Bees at Wimpole

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Display beehive
We once again have a display hive at Home Farm.

The 30,000 strong honey bee colony surrounding their Queen, have built a wax comb nest, as they would in the wild.It's behind Perspex windows, so you can see the bees building the wax comb, looking after their home and coming in and out of the hive.

Traditional beehives
We have a number of traditional beehives around the Estate, in and around the Walled Garden and also at the Farm, these are managed by a number of beekeepers.

Warre beehives
A warre beehive is a more natural way of keeping bees, as the hives resemble those of a tree trunk, the natural home of bees in the wild.

Each hive box is roughly cube shaped and the number of boxes in the hive increases as the colony expands. Inside the hive they just contain a series of rods to which the bees attach they wax comb rather than the frames in the traditional square beehive.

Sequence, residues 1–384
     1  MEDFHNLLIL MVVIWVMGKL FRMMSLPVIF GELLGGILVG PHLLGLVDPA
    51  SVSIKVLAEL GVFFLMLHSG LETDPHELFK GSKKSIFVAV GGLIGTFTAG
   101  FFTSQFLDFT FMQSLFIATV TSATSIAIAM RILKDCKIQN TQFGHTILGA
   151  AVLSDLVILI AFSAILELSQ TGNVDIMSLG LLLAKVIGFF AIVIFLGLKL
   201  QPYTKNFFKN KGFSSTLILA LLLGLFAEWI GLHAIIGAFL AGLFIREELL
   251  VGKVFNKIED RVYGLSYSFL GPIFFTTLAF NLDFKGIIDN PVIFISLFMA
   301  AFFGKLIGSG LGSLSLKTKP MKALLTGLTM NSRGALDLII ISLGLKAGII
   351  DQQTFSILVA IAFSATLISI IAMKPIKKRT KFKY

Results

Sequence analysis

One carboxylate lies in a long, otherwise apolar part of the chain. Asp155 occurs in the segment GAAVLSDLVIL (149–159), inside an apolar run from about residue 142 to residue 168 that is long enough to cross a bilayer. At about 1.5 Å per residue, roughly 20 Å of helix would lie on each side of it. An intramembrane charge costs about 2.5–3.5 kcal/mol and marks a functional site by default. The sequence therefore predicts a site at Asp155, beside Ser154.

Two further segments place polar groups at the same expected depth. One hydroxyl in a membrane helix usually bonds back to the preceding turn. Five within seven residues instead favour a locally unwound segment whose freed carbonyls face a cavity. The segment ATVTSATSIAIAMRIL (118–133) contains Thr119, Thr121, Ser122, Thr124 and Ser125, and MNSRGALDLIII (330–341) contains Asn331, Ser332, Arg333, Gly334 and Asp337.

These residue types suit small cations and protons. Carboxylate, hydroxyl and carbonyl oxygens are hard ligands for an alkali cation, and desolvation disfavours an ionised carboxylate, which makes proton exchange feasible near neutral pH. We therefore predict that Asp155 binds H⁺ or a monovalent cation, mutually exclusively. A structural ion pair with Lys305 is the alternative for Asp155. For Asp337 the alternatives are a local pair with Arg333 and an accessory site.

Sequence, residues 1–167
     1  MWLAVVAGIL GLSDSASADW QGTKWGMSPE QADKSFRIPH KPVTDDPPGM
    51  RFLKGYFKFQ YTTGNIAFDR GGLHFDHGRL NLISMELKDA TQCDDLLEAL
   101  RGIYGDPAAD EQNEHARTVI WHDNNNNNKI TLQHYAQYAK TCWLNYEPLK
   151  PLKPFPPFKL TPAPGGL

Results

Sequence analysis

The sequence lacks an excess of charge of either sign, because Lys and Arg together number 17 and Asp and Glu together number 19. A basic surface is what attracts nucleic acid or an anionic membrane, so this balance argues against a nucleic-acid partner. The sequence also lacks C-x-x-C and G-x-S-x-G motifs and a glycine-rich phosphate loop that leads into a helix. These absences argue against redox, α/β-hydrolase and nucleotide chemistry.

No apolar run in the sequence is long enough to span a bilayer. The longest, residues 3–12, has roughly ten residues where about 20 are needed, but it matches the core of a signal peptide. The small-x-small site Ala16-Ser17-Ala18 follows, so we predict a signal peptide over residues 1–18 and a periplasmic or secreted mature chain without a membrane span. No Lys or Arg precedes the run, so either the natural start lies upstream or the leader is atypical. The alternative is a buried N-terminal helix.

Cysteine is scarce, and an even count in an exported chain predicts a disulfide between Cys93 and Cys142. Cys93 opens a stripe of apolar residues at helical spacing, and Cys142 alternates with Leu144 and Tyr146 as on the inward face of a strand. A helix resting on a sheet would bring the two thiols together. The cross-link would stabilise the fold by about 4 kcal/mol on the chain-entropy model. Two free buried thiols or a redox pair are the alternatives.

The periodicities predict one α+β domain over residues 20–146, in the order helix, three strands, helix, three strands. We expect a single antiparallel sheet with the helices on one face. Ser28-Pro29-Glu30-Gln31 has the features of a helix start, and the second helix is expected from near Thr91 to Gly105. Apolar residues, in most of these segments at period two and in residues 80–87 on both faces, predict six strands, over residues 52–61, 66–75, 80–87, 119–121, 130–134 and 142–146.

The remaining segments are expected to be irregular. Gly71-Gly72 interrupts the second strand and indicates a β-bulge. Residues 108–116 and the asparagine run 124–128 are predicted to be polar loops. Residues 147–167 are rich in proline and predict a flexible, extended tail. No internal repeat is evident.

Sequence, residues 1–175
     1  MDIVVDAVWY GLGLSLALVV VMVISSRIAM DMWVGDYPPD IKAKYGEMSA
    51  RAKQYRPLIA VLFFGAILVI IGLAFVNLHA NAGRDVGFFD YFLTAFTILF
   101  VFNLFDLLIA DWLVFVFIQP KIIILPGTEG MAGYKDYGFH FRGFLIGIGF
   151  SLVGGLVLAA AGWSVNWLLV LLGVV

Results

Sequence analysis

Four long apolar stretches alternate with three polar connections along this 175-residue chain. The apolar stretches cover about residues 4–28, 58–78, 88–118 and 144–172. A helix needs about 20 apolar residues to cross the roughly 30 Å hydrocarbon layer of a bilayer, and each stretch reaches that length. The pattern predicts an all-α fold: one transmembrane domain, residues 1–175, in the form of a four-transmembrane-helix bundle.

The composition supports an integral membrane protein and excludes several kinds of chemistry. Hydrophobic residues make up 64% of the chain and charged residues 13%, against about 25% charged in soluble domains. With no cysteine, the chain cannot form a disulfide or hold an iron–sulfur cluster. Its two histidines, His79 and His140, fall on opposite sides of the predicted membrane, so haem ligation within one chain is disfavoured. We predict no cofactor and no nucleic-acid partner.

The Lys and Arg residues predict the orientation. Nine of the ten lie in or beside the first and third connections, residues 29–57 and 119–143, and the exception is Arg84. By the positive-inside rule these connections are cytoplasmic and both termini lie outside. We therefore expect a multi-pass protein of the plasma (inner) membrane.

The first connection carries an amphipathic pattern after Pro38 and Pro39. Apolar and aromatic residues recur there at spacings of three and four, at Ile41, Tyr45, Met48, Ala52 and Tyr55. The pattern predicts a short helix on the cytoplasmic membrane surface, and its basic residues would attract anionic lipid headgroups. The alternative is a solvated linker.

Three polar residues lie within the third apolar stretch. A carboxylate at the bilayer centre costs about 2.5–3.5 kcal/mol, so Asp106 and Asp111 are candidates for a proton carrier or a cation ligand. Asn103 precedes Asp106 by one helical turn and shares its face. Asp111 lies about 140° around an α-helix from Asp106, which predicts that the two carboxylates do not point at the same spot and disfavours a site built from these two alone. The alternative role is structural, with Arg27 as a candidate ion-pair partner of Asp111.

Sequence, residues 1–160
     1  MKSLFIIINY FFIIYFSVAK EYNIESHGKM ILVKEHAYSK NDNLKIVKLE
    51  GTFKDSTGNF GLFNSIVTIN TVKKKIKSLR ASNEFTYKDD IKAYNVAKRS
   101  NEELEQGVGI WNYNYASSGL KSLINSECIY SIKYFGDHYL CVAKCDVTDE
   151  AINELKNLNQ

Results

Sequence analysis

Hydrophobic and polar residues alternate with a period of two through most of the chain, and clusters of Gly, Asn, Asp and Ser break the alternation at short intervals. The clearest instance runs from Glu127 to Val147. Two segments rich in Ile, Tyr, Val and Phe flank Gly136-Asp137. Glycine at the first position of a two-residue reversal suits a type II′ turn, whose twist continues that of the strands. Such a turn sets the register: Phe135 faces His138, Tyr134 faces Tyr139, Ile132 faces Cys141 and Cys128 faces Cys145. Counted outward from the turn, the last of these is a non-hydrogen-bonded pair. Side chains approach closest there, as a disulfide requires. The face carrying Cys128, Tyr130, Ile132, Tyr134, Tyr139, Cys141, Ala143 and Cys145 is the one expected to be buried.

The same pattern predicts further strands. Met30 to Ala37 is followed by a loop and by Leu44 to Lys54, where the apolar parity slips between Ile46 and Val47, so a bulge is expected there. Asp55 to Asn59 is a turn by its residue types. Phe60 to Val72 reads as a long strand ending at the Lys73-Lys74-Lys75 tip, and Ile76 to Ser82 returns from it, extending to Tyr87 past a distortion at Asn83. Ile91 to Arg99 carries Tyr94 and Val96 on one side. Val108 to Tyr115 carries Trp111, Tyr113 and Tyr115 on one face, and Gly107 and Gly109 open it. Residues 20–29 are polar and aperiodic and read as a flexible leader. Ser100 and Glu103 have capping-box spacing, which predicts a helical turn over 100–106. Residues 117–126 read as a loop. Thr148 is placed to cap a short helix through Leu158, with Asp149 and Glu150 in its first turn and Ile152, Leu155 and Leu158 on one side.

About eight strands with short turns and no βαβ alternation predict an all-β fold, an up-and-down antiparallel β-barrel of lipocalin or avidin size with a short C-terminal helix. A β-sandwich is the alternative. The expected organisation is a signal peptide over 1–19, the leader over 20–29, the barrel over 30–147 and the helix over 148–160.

In a warre hive, the bees are left to build they wax comb without interference from the beekeeper. You can see our hives on the edge of the woodland beyond Cobbs Wood Farm, where we hope they will thrive and help to pollinate our crops and hedgerows plants.

Wild bees
Wimpole has a number of wild bee colonies which can be seen, particularly on warmer days buzzing about the Walled Garden where they have made a home in the hollow wall. There is also a colony in the bricks of the Hall.

Honeybees, Pollinators and Pumpkins
In partnership with local beekeepers, in 2010 we worked on a 'Honeybees, Pollinators and Pumpkins' project with children from Petersfield Primary School in Orwell. The children learnt all about bees, how to set up a display, grow pumpkins and pollination.

In March, Heather Polge, Wimpole’s Learning and Interpretation Officer and local beekeeper visited the school for a 'Bee Aware' day. The children found out a lot about different sorts of bees, looked at some bee keeping equipment and everyone tasted honey.

'Taking the children to see the bees in the display hive was fun as the bees definitely have a ‘wow’ factor for both adults and children, judging by the exclamations of surprise and the questions asked. We identified drone bees in the exit tube and saw worker bees bringing pollen back to the hive to feed the bee larvae.'